Relationship between sensory processing sensitivity and hypochondriacal features and the moderating role of somatic symptoms


  • Siemen Dal



Background. Only very little is known about the etiology of hypochondriasis, a mental disorder characterized by the preoccupied beliefs or fears of having a serious disease or being in a life-threatening condition and the elevated focus on own physical symptoms. A relatively new concept named sensory processing sensitivity (SPS) is about the sensitivity towards stimuli and is related to an elevated self-focus. Due to its relation with an elevated self-focus, SPS might be related to hypochondriacal features. The present study investigated this relationship. Moreover, in the light of recent reformulation of hypochondriasis in the DSM-5 in illness anxiety disorder and somatic symptom disorder, this study also examined how the presence of somatic complaints affects the relationship between SPS and hypochondriacal features. Methods. A cross-sectional questionnaire study was conducted in which 302 participants from the general population were enrolled. These participants were recruited through several ways online and at several physical locations. Hypochondriacal fears and beliefs were assessed using the Illness Attitudes Scale (IAS), while SPS was assessed using the Highly Sensitive Person scale (HSP). At last, having physical complaints was assessed with descriptive items on having complaints and their duration and location. Results. The present study found that HSP and its subscales Ease of Excitation and Low Sensory Threshold were positively and significantly correlated to IAS and its subscales Health Anxiety and Illness Behavior. In contrast, it was found that the Aesthetic Sensitivity subscale of the HSP scale was not correlated to IAS or its subscales. Furthermore, a moderation test using linear regression analyses showed that having somatic complaints did not moderate the relationship between HSP and IAS. Having specifically chronic somatic complaints, however, did tend to moderate this relationship. Conclusion. The present study is the first study to show the importance of a high SPS in having hypochondriacal fears and beliefs and the role of somatic complaints in this relationship. However, future research is needed to further understand this relationship and to investigate its causality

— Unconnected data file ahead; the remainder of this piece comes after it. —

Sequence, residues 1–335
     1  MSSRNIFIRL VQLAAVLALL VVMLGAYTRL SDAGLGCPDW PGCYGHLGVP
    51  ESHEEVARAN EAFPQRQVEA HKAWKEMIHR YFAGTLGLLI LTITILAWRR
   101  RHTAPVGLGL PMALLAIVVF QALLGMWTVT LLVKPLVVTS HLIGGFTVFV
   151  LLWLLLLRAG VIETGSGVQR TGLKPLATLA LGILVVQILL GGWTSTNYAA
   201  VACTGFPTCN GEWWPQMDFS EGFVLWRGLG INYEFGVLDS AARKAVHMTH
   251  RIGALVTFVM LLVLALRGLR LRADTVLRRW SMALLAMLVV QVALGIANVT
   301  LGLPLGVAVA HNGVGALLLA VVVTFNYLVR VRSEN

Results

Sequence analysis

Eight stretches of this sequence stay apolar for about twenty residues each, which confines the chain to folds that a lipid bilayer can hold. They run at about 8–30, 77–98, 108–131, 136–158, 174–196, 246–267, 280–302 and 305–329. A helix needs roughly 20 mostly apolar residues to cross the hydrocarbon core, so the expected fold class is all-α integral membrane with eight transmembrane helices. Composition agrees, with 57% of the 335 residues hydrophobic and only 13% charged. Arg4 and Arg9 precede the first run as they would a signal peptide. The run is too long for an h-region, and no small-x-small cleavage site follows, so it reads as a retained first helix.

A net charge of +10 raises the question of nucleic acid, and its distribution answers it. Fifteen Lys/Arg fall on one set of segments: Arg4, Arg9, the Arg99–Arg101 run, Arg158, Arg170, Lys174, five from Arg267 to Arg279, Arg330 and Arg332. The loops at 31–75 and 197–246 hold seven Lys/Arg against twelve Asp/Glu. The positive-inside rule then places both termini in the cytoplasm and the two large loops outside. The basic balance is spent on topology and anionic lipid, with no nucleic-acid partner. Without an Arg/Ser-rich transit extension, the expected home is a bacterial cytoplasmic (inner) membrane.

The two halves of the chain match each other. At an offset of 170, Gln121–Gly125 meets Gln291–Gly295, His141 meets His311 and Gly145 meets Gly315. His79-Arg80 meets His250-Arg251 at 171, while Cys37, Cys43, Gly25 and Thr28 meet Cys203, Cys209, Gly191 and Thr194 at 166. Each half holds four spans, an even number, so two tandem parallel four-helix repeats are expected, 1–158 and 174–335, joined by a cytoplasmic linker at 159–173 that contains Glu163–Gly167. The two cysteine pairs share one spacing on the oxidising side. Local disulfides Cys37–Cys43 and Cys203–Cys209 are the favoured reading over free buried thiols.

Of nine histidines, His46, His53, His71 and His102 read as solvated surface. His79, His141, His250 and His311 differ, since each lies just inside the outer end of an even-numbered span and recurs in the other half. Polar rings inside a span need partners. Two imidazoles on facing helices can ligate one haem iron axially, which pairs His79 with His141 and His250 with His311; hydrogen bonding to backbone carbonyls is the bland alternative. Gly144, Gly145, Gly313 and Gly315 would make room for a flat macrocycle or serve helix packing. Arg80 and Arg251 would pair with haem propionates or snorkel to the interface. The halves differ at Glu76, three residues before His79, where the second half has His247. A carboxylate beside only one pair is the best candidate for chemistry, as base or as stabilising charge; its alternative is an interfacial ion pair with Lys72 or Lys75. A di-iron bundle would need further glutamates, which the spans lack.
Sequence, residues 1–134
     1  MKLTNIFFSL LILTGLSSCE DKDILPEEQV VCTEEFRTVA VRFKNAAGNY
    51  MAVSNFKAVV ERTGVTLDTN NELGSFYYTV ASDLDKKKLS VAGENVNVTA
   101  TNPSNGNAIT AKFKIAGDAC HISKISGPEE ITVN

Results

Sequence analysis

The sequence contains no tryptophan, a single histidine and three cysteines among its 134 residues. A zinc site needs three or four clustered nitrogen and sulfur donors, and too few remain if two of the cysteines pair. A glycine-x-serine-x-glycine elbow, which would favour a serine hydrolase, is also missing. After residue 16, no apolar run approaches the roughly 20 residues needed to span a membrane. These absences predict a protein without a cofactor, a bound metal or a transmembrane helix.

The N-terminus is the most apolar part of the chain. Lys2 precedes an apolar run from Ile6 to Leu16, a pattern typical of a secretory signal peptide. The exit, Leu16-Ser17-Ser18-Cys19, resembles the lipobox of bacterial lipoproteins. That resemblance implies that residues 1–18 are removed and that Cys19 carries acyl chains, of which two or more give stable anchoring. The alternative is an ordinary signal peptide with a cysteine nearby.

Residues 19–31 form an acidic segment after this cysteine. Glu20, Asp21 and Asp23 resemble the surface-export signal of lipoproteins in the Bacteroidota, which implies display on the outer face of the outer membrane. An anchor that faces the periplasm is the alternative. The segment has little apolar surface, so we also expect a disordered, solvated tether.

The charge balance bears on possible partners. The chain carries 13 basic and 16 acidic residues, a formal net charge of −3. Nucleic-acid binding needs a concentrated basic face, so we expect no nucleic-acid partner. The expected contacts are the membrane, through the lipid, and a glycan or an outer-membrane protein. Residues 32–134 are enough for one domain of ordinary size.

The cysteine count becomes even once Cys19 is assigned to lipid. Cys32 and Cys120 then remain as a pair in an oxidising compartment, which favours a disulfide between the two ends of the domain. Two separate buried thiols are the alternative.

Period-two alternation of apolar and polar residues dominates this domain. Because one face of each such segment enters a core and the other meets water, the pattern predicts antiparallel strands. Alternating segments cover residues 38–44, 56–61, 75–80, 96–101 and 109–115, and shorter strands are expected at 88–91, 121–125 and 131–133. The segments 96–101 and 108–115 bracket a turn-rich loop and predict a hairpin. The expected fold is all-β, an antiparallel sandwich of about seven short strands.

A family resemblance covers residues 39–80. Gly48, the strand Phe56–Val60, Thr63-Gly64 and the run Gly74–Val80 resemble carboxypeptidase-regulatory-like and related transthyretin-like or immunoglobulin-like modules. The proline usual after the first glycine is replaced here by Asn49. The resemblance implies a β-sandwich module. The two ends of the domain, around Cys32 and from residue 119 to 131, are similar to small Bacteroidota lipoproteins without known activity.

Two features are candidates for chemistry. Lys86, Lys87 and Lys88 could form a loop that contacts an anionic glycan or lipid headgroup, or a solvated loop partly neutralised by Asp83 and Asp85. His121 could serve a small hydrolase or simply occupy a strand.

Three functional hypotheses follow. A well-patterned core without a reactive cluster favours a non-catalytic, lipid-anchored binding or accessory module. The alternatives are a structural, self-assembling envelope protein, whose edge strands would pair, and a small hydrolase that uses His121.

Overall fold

American Psychiatric Association. (2000). Diagnostic and statistical manual of mental disorders, text revision (DSM-IV-TR): American Psychiatric Association.

Aron, E. N., & Aron, A. (1997). Sensory-processing sensitivity and its relation to introversion and emotionality. Journal of personality and social psychology, 73(2), 345.

Barsky, A. J., Wool, C., Barnett, M. C., & Cleary, P. D. (1994). Histories of childhood trauma in adult hypochondriacal patients. The American journal of psychiatry.

Benham, G. (2006). The highly sensitive person: Stress and physical symptom reports. Personality and individual differences, 40(7), 1433-1440.

Bianchi, G. (1971). Origins of disease phobia. Australian and New Zealand Journal of Psychiatry, 5(4), 241-257.

Hofmann, S. G., & Bitran, S. (2007). Sensory-processing sensitivity in social anxiety disorder: relationship to harm avoidance and diagnostic subtypes. Journal of anxiety disorders, 21(7), 944-954.

Liss, M., Mailloux, J., & Erchull, M. J. (2008). The relationships between sensory processing sensitivity, alexithymia, autism, depression, and anxiety. Personality and individual differences, 45(3), 255-259.

Liss, M., Timmel, L., Baxley, K., & Killingsworth, P. (2005). Sensory processing sensitivity and its relation to parental bonding, anxiety, and depression. Personality and individual differences, 39(8), 1429-1439.

Mabe, P. A., Hobson, D. P., Jones, L. R., & Jarvis, R. G. (1988). Hypochondriacal traits in medical inpatients. General Hospital Psychiatry, 10(4), 236-244.

Mayo Clinic. DSM-5 redefines hypochondriasis.

Meyer, B., & Carver, C. S. (2000). Negative childhood accounts, sensitivity, and pessimism: A study of avoidant personality disorder features in college students. Journal of Personality Disorders, 14(3), 233-248.

Neal, J. A., Edelmann, R. J., & Glachan, M. (2002). Behavioural inhibition and symptoms of anxiety and depression: Is there a specific relationship with social phobia? British Journal of Clinical Psychology, 41(4), 361-374.

Noyes, R., Stuart, S., Langbehn, D. R., Happel, R. L., Longley, S. L., & Yagla, S. J. (2002). Childhood antecedents of hypochondriasis. Psychosomatics, 43(4), 282-289.

Riley III, J. L., & Robinson, M. E. (1998). Validity of MMPI-2 profiles in chronic back pain patients: Differences in path models of coping and somatization. The Clinical journal of pain, 14(4), 324-335.

Sirri, L., Grandi, S., & Fava, G. A. (2007). The Illness Attitude Scales. A clinimetric index for assessing hypochondriacal fears and beliefs. Psychotherapy and Psychosomatics, 77(6), 337-350.

K. A., McCabe, S. B., & Woody, E. Z. (2006). A psychometric evaluation of the Highly Sensitive Person Scale: The components of sensory-processing sensitivity and their relation to the BIS/BAS and “Big Five”. Personality and individual differences, 40(6), 1269-1279.

Speckens, A. E. M., & Van Hemert, A. M. MENINGEN OVER ZIEKTE EN GEZONDHEID. from